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Destination Details

Turkmenistan
Tags : Archabil

Some 35km west of Ashgabat, in a pleasant green valley within the Kopet Dag Mountains, Archabil, known as Firuza until 2001, is the traditional summer retreat for the citizens of Ashgabat. It offers temperatures a crucial few degrees cooler than those of the plains.

There is a scenic route out here from Ashgabat. Head westwards on the road which starts out in Ashgabat as Georogly Kochesi. Pass the village of Bagyr, and then at Julge, further west, turn to the south through an attractive canyon, the Firuza Gorge. The little Firuzinka River babbles attractively through woodland at the foot of the canyon. This is a favourite place for summer picnickers from Ashgabat. For those seeking a more formal place for lunch, the Maral Restaurant at the northern end of the canyon serves good shashlik. Just beyond the canyon is the small settlement of Vanovskiy, where the road forks. Take the left-hand fork for Archabil. The resort can also be reached, more quickly but less scenically, by the Archabil Highway from Berzengi.

Access to Archabil has, however, progressively become more limited, because President Niyazov's main residence lies here. It is now a restricted zone, for which permission to enter must be requested with your Letter of Invitation. Taxis from Ashgabat are not allowed into the settlement: they will take you as far as Vanovskiy, where local Archabil taxis are usually waiting to take you the last few kilometres. Many holiday dachas in Archabil have been demolished, and the government is building up nearby Geokdere as the main summer holiday centre in the Kopet Dag Mountains, in preference to Archabil.

The chief sight in Archabil is a tree. The 'Seven Brothers' is a plane tree, with seven tall trunks rising from a central base sonre 4m wide. An eighth trunk was long ago cut back. Locals will tell you that blood was seen to flow at the site of the cut. A golden railing surrounds the tree, and an information board in Russian and Turkmen tells the legend associated with it.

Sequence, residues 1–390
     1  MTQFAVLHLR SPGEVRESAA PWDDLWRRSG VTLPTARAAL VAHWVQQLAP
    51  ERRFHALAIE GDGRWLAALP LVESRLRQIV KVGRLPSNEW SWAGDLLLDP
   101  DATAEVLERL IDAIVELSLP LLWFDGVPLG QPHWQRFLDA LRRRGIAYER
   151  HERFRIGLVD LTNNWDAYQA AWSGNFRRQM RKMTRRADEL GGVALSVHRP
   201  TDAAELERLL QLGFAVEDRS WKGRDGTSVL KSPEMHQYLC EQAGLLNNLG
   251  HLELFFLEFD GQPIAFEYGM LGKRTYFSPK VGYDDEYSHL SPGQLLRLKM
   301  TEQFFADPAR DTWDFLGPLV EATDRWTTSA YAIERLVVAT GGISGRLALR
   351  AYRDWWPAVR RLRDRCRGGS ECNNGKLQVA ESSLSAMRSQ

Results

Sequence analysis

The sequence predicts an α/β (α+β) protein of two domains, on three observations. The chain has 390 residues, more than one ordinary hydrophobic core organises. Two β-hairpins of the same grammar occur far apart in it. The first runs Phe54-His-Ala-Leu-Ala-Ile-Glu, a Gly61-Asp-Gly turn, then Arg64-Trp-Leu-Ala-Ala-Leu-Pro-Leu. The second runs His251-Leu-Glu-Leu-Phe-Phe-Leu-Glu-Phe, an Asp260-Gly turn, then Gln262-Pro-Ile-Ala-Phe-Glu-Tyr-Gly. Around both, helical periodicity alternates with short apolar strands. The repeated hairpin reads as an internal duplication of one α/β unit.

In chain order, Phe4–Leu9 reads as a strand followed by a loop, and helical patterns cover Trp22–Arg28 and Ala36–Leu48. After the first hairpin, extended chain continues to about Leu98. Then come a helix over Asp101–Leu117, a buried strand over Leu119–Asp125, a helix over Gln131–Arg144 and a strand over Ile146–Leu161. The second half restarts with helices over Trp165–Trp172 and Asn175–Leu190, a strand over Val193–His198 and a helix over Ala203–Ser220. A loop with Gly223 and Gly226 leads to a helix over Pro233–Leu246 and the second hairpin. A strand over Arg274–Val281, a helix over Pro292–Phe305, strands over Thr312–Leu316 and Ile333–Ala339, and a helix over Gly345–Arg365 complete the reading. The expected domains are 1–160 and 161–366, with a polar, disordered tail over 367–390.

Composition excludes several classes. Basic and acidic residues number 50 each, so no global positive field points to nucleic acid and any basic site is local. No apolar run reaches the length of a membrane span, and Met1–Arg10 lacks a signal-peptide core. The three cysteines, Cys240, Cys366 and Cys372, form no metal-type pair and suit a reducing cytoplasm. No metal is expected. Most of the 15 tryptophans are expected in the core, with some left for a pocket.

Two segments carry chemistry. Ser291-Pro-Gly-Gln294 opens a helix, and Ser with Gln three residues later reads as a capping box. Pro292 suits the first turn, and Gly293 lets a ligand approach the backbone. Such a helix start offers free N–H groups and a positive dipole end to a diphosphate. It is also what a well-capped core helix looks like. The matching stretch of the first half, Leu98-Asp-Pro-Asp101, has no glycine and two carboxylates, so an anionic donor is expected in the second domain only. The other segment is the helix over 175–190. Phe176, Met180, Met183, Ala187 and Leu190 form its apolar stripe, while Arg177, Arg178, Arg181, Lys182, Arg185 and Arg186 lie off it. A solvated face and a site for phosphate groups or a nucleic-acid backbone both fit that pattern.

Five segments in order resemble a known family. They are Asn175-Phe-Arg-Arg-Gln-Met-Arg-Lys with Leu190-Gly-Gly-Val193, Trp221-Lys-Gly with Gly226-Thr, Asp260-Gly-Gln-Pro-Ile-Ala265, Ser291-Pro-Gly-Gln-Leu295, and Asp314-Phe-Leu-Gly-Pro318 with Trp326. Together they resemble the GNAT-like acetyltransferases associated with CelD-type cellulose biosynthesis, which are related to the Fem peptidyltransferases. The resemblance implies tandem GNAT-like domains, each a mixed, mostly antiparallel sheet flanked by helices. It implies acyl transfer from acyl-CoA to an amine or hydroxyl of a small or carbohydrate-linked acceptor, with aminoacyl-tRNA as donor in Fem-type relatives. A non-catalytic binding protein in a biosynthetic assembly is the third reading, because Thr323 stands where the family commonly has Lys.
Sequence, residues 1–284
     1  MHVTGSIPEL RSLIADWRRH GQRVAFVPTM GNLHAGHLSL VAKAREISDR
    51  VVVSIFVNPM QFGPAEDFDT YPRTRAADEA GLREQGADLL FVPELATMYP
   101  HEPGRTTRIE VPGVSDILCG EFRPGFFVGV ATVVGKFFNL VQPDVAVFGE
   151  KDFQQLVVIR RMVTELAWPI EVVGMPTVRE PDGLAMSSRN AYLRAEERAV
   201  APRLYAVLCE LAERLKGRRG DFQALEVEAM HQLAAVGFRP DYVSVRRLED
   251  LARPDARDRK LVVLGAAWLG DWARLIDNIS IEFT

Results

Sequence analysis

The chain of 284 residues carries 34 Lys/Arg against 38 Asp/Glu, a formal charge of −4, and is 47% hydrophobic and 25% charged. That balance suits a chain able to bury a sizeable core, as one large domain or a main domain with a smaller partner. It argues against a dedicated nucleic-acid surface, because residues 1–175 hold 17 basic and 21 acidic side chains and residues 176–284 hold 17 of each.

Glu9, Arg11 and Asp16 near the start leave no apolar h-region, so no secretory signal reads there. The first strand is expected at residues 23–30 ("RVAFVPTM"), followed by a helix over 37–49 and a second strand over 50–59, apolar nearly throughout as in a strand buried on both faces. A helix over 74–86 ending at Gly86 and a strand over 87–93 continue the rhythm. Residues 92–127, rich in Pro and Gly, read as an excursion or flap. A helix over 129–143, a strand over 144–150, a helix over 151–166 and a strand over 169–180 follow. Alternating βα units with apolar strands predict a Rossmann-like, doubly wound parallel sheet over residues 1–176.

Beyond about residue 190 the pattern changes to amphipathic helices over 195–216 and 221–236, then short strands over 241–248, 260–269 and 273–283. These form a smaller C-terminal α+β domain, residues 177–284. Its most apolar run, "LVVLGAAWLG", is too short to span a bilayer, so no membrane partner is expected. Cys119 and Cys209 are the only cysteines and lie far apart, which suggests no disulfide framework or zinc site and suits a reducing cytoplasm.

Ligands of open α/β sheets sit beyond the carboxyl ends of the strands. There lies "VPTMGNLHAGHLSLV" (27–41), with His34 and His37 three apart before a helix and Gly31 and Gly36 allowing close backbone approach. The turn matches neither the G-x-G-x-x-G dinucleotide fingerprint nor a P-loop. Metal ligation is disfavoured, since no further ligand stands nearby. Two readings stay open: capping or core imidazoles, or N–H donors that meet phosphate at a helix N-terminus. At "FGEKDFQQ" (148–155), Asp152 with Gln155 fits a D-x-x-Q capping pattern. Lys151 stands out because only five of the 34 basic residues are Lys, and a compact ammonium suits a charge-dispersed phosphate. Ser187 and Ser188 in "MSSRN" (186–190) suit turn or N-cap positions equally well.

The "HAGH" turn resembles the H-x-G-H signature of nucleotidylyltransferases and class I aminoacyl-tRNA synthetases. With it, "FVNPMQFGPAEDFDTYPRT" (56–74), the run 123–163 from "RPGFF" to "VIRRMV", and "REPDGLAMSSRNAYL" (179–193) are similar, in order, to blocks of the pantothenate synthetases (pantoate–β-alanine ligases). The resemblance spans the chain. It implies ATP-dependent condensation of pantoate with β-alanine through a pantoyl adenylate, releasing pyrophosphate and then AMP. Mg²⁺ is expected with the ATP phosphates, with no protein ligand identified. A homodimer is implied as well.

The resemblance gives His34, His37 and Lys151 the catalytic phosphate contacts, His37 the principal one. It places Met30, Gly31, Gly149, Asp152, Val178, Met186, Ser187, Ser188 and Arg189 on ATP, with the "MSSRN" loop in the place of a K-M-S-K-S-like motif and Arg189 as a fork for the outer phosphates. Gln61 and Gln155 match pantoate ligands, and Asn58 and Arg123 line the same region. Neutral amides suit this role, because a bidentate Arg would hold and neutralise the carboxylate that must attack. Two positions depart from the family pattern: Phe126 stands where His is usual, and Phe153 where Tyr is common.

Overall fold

Long ago, in the territory of present-day Iran, lived a sheikh, who had seven sons and a beautiful daughter named Firuza. These were troubled times, and the sheikh was forced to cross into the Kopet Dag Mountains to seek protection from rival tribes. He discovered this beautiful valley, and settled here. But his enemies found him, and killed all of his sons. Firuza then took up arms, and managed to defeat the aggressors, though she was herself fatally wounded in the battle. The grief-stricken sheikh buried his eight children close to each other, and planted a plane tree over each of their graves. As time passed, the plane trees gradually grew together into a single tree. The story of the 'Seven Brothers' is illustrated in a series of painted panels behind the tree. It stands in a military compound but free access is given.

To the north of here is a pleasant, if slightly run-down, park, which marks the centre of town. It offers cute statues of elephants, bears and panthers, a couple of shashlik options, with open-air dining on tapchans beneath the trees, and a summer disco. Much of the rest of town comprises governnrent dachas and children's summer camps belonging to various ministries. The camps, decorated with slogans and paintings inspired by President Niyazov's works, are, however, being closed in favour-of new sites in Geokdere. The small river flowing through town is tamed inside a concrete channel, which rather diminishes its romantic value.

The presidential residence on the north side of town is both invisible and unmistakable, as it is concealed by a long and high wall. An independence museum, being built nearby as a gift from the United Arab Emirates, was deemed to have occupied a site too close to the presidential residence, and construction was halted. The presence of the residence also means that attempts to walk in the hills around Archabil are likely to earn a rebuke from one of the many people in uniform around the town

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